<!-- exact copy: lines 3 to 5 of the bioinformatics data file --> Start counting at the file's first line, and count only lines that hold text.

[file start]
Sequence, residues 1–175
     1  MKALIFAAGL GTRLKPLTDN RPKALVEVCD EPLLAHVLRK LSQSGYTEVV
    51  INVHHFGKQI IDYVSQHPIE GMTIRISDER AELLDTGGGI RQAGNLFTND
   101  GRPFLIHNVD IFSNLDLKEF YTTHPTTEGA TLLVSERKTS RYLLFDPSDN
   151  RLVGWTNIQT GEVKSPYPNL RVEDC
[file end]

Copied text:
    51  INVHHFGKQI IDYVSQHPIE GMTIRISDER AELLDTGGGI RQAGNLFTND
   101  GRPFLIHNVD IFSNLDLKEF YTTHPTTEGA TLLVSERKTS RYLLFDPSDN
   151  RLVGWTNIQT GEVKSPYPNL RVEDC